It is important to note that Medicare carriers will not process claims using the new CPT code numbers until April 1. Medicare will refrain from making any system changes during the first three months of the new year to make sure that its technology is prepared to address any technical problems caused by year 2000 issues. As a result, physicians must use the old CPT 1999 organ- or disease-specific panel codes to order and bill panels before April 1. Laboratories also are unable to bill the new panels, so you should make sure your independent laboratory is clear about which tests you want. If you find ordering or billing a combination of old and new panel codes confusing, you can order tests individually until carriers can accept the new panel codes.

Here is a summary of the changes to organ- or disease-oriented panels:

  • Calcium, CPT 82310, was added to the basic metabolic panel, CPT 80048. The former basic metabolic panel code, CPT 80049, was deleted. Here is the new panel:

    80048 Basic metabolic panel (formerly 80049)
    Calcium (82310)
    Carbon dioxide (bicarbonate) (82374)
    Chloride (82435)
    Creatinine (82565)
    Glucose (82947)
    Potassium (84132)
    Sodium (84295)
    Urea Nitrogen (BUN) (84520)

  • Transferase, alanine amino, CPT 84460, was added to the comprehensive metabolic panel, CPT 80053. The former comprehensive metabolic panel code, CPT 80054, was deleted. Here is the new panel:

    80053 Comprehensive metabolic panel (formerly 80054)
    Albumin (82040)
    Bilirubin, total (82247)
    Calcium (82310)
    Carbon dioxide (bicarbonate) (82374)
    Chloride (82435)
    Creatinine (82565)
    Glucose (82947)
    Phosphatase, alkaline (84075)
    Potassium (84132)
    Protein, total (84155)
    Sodium (84295)
    Transferase, alanine amino (ALT) (SGPT) (84460)
    Transferase, aspartate amino (AST) (SGOT) (84450)
    Urea Nitrogen (BUN) (84520)

  • A renal function panel, CPT 80069, has been added to treat patients with renal disease. Here is the new panel:

    80069 Renal function panel
    Albumin (82040)
    Calcium (82310)
    Carbon dioxide (bicarbonate) (82374)
    Chloride (82435)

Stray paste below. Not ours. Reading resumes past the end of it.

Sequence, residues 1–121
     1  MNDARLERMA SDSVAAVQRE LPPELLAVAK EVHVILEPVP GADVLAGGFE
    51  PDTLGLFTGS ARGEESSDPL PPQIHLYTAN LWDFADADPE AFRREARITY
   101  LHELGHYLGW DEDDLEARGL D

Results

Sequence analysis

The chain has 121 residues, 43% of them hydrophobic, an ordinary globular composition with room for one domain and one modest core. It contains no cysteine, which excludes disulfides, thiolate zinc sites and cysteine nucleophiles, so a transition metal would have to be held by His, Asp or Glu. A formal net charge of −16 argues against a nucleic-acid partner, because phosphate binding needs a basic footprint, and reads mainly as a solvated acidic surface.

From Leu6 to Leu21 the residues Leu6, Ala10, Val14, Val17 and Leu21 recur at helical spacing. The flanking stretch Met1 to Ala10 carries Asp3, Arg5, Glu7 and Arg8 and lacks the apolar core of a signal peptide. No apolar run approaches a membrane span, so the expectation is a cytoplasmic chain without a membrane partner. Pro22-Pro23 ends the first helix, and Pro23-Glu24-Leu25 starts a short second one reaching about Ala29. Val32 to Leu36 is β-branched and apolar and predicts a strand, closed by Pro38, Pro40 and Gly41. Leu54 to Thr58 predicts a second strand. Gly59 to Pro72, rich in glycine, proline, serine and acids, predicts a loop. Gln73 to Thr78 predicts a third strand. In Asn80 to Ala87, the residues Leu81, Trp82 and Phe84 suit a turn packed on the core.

Creatinine (82565)
    Glucose (82947)
    Phosphorus inorganic (phosphate) (84100)
    Potassium (84132)
    Sodium (84295)
    Urea Nitrogen (BUN) (84520)

  • An acute hepatitis panel, CPT 80074, was added to CPT at the request of laboratories, pathologists and other clinicians. The hepatitis panel, CPT 80059, was deleted. The acute hepatitis panel reflects technological advances in hepatitis testing. Testing utility has improved as it is now possible to separate between the IgG and IgM antibodies. Here is the new panel:

    80074 Acute hepatitis panel
    Hepatitis A antibody (HAAb), IgM antibody (86709)
    Hepatitis B core antibody (HbcAb), IgM antibody (86705)
    Hepatitis B surface antigen (HbsAg) (87340)
    Hepatitis C antibody (86803)

  • Protein, total, CPT 84155, has been added to the Hepatic function panel, CPT 80058. The former hepatic function panel, CPT 80058, was deleted. Here is the new panel:

    80076 Hepatic function panel (formerly 80058)
    Albumin Bilirubin, total Bilirubin, direct Phosphatase, alkaline (84075)
    Protein, total (84155)
    Transferase, alanine amino (ALT) (SGPT) (84460)
    Transferase, aspartate amino (AST) (SGOT) (84450)

  • The thyroid panel codes, CPT 80091 and 80092, have been deleted from CPT 2000 as they no longer reflect modern testing standards. You should use the individual codes for the specific thyroid tests you order for patients.


Brett Baker is a third-party payment specialist in the College's Washington Office. If you have questions on third-party payment or coding issues, call him at 202-261-4533, send a fax to 202-835-0441, or send an e-mail to bbaker@acponline.org.